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What Sonia Gandhi's iftar party says about Indian politics

Jyoti Malhotra
Jyoti MalhotraJul 14, 2015 | 15:34

What Sonia Gandhi's iftar party says about Indian politics

At the iftar dinner thrown last night by Congress president Sonia Gandhi, the enormous Convention Hall at Delhi's Ashok hotel throbbed with the hum of gossip and the visible relief of having survived the worst year in recent political memory, as leaders of key Opposition parties happily tucked into chicken biriyani and fish fingers and paneer lathered with masala - and later, jalebi and phirni - as they sat around the several round tables scattered across the hall.

It was like being part of the ebb and swell of a small sea, in the middle of which sat Sonia Gandhi and next to her Bihar chief minister and Janata Dal (United) chief Nitish Kumar, who wore a skull cap in honour of the occasion but took it off once the food came. Trinamool Congress MP Derek O'Brien, representing his female boss Mamata Banerjee, sat on Sonia's other side, next to Nigerian high commissioner Sola Enikanolaiye.

You could argue that the big chiefs were all missing, save for Nitish Kumar, and that Sonia Gandhi was really presiding over a string of second-rung satraps. The Samajwadi Party didn't even bother to send a representative - perhaps it was busy suspending an IPS officer in Uttar Pradesh who had claimed that SP leader Mulayam Singh Yadav had threatened him - while the absence of the Left parties defied commonsense, considering CPM leader Sitaram Yechury and Mrs Gandhi have been fast friends since the first UPA government.

No matter. The bonhomie that lasted all evening was a remembrance of things past, of a time in the life of India - not only in Indian politics - when symbolism was as important as belief. It was once important to be seen alongside your neighbour-of-another-faith, to partake of the feasting if not the fasting.

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Sonia Gandhi, with Nitish Kumar, Sharad Pawar, Derek O' Brien, Nigerian high commissioner Sola Enikanolaiye, with others at the iftar party on July 13. [Photocredit: PTI]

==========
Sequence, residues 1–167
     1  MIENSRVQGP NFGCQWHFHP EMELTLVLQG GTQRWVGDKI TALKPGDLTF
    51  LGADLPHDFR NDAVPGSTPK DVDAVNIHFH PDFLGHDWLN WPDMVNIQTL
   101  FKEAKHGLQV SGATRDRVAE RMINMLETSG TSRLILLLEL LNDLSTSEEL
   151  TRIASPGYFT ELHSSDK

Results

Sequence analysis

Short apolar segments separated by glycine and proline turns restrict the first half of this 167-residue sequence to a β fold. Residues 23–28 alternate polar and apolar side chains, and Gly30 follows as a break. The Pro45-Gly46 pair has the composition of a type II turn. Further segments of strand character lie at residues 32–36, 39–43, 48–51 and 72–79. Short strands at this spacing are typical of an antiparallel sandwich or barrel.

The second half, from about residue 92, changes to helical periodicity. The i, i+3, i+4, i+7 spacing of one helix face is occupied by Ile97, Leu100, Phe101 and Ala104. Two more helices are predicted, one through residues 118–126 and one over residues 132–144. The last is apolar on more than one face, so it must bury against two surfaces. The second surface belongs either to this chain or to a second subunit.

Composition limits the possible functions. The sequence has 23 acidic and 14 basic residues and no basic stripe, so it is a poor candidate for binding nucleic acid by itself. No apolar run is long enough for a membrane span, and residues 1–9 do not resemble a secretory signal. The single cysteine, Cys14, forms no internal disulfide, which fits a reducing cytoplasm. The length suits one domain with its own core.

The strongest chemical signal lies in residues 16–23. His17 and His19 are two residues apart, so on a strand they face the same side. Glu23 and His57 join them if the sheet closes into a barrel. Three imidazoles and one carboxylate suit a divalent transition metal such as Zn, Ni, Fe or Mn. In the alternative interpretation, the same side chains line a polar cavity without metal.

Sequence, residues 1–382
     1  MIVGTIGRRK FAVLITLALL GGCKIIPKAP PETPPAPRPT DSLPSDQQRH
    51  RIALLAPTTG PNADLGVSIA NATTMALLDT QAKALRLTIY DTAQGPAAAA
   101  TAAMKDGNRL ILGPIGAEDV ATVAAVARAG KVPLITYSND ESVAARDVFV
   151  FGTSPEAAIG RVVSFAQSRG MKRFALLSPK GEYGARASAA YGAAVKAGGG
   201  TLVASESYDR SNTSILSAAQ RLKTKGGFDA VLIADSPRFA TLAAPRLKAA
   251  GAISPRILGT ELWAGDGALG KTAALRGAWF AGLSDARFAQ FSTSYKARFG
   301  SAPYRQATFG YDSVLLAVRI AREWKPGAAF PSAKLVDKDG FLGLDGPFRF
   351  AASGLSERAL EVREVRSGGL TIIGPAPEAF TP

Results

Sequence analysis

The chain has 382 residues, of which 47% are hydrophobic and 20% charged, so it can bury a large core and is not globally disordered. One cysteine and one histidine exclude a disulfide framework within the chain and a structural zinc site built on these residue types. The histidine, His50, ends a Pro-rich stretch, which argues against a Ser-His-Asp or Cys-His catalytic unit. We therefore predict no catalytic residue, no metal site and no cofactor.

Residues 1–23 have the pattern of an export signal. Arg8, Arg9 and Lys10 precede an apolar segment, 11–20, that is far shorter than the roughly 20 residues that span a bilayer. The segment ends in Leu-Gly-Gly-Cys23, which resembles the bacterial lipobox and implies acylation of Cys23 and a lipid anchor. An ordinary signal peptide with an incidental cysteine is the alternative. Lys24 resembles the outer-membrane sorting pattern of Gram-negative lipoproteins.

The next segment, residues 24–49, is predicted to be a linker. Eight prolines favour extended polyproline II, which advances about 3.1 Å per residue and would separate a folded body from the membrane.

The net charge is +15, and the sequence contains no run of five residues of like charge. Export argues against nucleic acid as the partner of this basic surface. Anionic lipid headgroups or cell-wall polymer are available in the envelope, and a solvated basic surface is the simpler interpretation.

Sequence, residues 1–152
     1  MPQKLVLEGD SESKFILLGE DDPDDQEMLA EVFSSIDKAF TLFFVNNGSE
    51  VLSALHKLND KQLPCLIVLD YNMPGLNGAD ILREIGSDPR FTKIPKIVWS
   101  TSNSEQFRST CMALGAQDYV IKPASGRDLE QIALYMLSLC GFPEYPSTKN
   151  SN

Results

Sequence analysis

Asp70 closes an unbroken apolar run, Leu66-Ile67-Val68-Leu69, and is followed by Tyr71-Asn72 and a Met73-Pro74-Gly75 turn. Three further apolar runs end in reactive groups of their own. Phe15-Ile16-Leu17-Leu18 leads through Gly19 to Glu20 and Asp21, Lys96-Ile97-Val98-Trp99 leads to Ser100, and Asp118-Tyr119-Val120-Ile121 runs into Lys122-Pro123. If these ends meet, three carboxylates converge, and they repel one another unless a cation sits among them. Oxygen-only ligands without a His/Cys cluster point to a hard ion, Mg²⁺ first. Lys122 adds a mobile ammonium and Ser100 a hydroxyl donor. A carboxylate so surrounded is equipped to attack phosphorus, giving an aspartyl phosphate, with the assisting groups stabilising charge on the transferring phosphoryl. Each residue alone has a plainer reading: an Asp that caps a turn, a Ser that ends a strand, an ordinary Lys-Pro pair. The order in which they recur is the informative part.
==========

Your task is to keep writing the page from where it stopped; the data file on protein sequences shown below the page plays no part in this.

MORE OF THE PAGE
Organised on the eve of the monsoon session of Parliament, Sonia's iftar was certainly intended to be a show of Opposition strength. That is expected to translate into the political version of the "chakka jam", meaning, the Congress-led Opposition will stall the Rajya Sabha in which it is in a majority, from Day One of session beginning July 21.

In effect, that means that Prime Minister Narendra Modi can more or less kiss his second generation of reforms goodbye. On the anvil are the Land Acquisition Bill (which is currently into its third ordinance), the Goods and Services Tax (GST) Bill and the Real Estate Bill. The BJP will hope to pass the last by wooing parts of the Opposition, like the TMC and the SP, as it only needs a simple majority to clear.

"Watch what we will do once Parliament starts," said Anand Sharma, Congress party leader in the Rajya Sabha and former junior external affairs minister. "The Modi government has insulted India with this so-called agreement with Pakistan in Ufa," he added, as he pulled Pakistan high commissioner to India Abdul Basit's arm, motioning him to sit down next to him.

The Congress knows that TMC leader Mamata Banerjee could support the government on the GST bill - after all, it has been bailed out by the Centre for a mere Rs 3400 crore, ostensibly to settle all those who will move to India from Bangladesh in the wake of the Land Boundary Agreement. But it is banking on the fact that Mamata's ideological flexibility will stop short of casting her vote in favour of the BJP's pet project, the Land bill.

So in the middle of the crush of journalists thrusting their visiting cards at Sonia - she collected them all in the palm of her hand - and sundry hangers-on wanting selfies with the Congress president, Derek said he was hungry. At which Sonia gestured with her hands, as if saying, oh lord, what can I do?